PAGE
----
Tech Nation forced to close after losing UK government grant

Tech Nation, the UK industry body created to champion the sector during the height of the “Silicon Roundabout” tech boom in London, has been forced to close down after the government withdrew its funding.

The body, set up by the coalition government in 2014, was given responsibility to promote the country’s digital industry, from leading “growth programmes” for tech start-ups to processing visa applications for overseas staff of tech companies.

On Tuesday, Tech Nation said the government’s decision to take away crucial funding that forms the majority of its revenues meant that it could no longer continue. The £12mn Digital Growth Grant was this month given to Barclays Bank after a competitive tender. Barclays’ Eagle Labs unit delivers growth programmes, business mentoring and events.

Tech Nation said that “as a direct result of the DCMS grant withdrawal . . . Tech Nation’s remaining activities are not viable on a standalone basis”. 

The Digital Growth Grant was awarded following an open competition and rigorous assessment process, according to the government.

It added that the Barclays bid “represented the best value for taxpayers’ money as the full grant will be allocated to supporting the UK tech ecosystem, with Eagle Labs absorbing all operational and people costs associated with delivering the programme of activity”.

But the decision has been greeted with dismay by many British entrepreneurs, with the group seen as an important supporter for a sector now facing one of its worst crises for two decades.

The government-backed group had a mission of boosting small and scaling tech businesses in all corners of the UK. It has overseen operations such as a growth programme for start-ups, alongside digital academies, networking conferences and international expansion programmes to help boost UK tech since 2014.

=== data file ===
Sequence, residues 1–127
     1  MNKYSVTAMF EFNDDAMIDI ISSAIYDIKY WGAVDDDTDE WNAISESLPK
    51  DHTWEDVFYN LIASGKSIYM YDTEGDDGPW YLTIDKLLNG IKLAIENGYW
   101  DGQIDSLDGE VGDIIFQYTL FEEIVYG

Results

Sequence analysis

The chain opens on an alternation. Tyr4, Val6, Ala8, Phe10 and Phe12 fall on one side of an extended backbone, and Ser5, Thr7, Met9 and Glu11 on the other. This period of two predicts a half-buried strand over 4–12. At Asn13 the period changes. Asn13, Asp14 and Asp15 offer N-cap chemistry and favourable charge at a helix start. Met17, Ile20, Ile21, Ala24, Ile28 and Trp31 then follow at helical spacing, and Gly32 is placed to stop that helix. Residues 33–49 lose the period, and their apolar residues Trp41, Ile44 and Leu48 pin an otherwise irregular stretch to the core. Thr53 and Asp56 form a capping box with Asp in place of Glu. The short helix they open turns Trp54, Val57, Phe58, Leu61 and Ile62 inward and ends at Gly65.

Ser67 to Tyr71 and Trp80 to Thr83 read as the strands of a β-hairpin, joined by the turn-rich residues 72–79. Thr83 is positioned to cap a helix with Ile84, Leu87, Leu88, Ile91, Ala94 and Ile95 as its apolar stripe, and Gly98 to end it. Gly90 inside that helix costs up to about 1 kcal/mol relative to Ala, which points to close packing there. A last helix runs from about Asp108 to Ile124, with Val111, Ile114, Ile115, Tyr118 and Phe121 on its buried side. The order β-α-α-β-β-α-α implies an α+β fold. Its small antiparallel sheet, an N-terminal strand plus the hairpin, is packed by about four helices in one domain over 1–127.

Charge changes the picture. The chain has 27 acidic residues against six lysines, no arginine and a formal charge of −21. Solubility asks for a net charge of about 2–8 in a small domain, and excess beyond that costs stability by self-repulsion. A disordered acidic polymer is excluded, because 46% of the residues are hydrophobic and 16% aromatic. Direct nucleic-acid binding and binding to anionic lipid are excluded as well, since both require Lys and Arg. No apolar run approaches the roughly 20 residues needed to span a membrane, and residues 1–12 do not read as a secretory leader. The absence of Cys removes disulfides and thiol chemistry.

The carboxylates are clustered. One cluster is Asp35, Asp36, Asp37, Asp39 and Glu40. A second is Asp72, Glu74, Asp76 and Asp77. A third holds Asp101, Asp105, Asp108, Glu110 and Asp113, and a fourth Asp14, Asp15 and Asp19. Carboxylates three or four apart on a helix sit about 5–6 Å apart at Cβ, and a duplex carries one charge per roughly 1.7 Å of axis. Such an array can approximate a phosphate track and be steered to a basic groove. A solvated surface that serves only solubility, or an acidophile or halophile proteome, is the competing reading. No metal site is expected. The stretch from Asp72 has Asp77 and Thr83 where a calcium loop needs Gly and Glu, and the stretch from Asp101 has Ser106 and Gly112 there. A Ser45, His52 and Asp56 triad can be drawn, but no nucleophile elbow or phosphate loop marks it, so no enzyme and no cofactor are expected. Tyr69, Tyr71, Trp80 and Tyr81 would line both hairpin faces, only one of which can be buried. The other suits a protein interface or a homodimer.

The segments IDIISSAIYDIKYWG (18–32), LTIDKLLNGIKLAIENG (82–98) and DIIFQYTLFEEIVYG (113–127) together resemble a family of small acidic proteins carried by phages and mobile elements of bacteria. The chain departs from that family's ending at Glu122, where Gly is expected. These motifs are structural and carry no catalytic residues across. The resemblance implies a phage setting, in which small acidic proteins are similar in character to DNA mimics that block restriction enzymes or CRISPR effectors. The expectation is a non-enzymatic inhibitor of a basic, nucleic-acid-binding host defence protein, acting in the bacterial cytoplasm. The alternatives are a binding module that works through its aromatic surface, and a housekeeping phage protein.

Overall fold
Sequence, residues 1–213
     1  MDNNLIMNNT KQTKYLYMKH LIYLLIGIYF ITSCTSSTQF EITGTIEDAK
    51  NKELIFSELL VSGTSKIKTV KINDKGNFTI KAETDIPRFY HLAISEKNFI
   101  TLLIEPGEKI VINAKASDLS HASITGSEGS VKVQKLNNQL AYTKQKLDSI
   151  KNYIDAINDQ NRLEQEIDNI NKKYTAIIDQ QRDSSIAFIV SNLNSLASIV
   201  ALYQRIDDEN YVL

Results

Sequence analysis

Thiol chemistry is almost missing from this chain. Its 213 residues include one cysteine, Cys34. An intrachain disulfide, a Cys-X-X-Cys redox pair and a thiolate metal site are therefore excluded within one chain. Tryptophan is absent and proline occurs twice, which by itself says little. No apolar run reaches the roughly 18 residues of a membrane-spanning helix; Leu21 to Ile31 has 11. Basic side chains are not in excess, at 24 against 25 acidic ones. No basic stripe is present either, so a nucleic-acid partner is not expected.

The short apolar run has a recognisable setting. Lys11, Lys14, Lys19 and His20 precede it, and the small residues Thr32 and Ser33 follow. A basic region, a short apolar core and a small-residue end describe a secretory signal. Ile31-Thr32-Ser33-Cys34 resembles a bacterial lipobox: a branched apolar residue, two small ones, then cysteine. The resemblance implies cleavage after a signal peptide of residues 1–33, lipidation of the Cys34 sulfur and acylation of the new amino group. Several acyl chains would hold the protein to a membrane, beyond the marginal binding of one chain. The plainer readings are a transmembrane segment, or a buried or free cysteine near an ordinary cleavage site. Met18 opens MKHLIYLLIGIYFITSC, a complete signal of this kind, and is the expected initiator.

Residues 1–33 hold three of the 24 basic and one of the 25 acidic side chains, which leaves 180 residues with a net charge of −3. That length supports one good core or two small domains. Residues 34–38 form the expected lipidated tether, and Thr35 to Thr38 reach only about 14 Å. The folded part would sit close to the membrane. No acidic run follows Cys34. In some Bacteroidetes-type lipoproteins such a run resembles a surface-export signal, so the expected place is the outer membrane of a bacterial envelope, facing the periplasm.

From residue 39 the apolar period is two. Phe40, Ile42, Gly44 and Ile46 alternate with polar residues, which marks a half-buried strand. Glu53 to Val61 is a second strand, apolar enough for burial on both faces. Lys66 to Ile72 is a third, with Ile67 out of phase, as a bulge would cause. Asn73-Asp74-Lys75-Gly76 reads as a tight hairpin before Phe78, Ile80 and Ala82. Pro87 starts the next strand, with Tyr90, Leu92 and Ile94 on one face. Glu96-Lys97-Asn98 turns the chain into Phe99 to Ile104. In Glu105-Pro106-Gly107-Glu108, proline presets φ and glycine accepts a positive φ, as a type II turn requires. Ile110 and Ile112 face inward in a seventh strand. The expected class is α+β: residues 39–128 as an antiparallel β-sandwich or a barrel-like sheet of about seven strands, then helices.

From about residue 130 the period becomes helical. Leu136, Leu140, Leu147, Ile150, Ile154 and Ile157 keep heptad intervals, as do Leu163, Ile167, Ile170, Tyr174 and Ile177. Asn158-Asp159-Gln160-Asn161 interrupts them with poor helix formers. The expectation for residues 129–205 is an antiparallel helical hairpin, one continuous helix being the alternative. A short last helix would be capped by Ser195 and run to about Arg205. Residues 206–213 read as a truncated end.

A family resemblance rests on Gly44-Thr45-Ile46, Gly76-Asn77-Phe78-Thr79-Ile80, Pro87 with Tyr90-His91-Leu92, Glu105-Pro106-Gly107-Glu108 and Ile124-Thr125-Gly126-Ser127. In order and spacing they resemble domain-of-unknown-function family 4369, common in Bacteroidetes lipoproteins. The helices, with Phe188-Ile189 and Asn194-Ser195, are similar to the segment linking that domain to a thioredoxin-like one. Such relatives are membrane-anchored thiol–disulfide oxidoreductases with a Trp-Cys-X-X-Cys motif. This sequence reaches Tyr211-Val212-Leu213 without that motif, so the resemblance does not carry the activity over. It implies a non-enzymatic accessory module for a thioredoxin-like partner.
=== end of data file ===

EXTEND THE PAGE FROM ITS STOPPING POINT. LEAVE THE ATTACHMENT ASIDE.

Martha Lane Fox, the co-founder of and president of the British Chambers of Commerce, said: “As an entrepreneur and digital champion, I’ve witnessed first-hand the impact that Tech Nation has had in creating one of the most exciting and dynamic parts of our economy. They will be missed.”

Chancellor Jeremy Hunt has said that he wants to make the UK the next Silicon Valley, although some in the tech sector question whether the government has matched its ambitions with policies to support growth such as financial and regulatory incentives.

Tech Nation defended its record said that more than 95 per cent of start-ups from its accelerator programmes had moved to next stages of funding, while more than a third of all UK tech “unicorns” — companies valued at more than $1bn — had been linked to a Tech Nation programme.

This includes Monzo, Revolut, Depop, Bloom & Wild, Zilch, Just Eat, Darktrace, Marshmallow, Ocado, Skyscanner, Peak AI and Deliveroo.

Tech Nation said that as a non-profit organisation, it could not “continue to deliver for scale-ups impactfully and impartially without core public funding underpinning everything we do, and with commercial funding alone”. 

Tech Nation has commenced a redundancy consultation process, and is seeking interested parties to acquire its portfolio of other assets.

Ron Kalifa, author of the Kalifa review of UK fintech for the Treasury and former chief executive of Worldpay, said: “Having Tech Nation lead the national connectivity chapter of the review was hugely impactful as it brought together several different constituents, from founders to academics and from investors to ecosystem regional leaders.”


Business Asia
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